For-profit universities, many of which have heavy online course offerings, have come under great scrutiny from legislators and regulators in recent months. Given that a vast majority of online students are funded by federal loans, the chief concern of the U.S. Senate Committee on Health, Education, Labor and Pensions is to ensure that students educated online are able to secure stable jobs with their degrees and can repay those student loans funded by American taxpayers. Federal loan repayment rates, released by the Department of Education, are indicative of a school's ability to prepare students for their professional lives. According to the newest data, many well-known online schools fall short.
[Read about schools with high student loan repayment rates.]
This data was pieced together using federal loan repayment rates from students who either graduated or left college from October 2004 to March 2008. If a student has made any payment on those loans, no matter how small, they are deemed to be in repayment (Students who make payments that only cover interest charges are not deemed to be in repayment). The Department of Education has proposed rules that would pull federal funding from schools at which fewer than 45 percent of students are able to enter into repayment on their federal loans.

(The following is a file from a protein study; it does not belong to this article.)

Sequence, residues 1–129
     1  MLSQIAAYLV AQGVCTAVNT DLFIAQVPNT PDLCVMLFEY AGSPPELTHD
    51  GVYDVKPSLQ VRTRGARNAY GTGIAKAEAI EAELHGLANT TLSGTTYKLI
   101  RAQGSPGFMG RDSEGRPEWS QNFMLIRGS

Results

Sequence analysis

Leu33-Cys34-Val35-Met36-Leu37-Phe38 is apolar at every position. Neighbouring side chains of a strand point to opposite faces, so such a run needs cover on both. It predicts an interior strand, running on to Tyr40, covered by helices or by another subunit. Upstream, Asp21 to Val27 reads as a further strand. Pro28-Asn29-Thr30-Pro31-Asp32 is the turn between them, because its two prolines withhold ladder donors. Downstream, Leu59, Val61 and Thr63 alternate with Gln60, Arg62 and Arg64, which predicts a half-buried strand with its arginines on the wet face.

[Read about surprises in the loan repayment data.]
The table below highlights the median debt and loan repayment rate for students who have left some of the nation's largest online-oriented universities. For comparison, below the list of online schools is a list of four lower-tier national universities. Each of these schools is ranked by U.S.News & World Report as a second-tier national university (the classification of traditional school deemed to be most comparable to online universities) and represents a different region of the country.. As shown in the table, the average repayment rate for students at these brick-and-mortar schools is 20 percentage points higher than their online counterparts, though the level of indebtedness is nearly identical.
[Learn more about online education.]
If you're considering enrolling in an online program, it's important to evaluate each school's loan repayment rate, given that many of them are below the government's 45 percent threshold:
|Large Online-Oriented Schools||Median Federal Debt for Those Entering Repayment||Loan Repayment Rate (Rounded to nearest percent)|
|Grand Canyon University||$19,818||52%|
|American Public University System||$4,436||47%|
|University of Phoenix||$14,299||44%|
|American Intercontinental University||$12,908||39%|
|Second Tier National Universities (By Region)|
|University of Northern Colorado (West)||$12,583||64%|
|Indiana University of Pennsylvania (North)||$15,328||61%|
|Northern Illinois University (Midwest)||$13,533||60%|
|Georgia Southern University (South)||$13,525||51%|
Source: Department of Education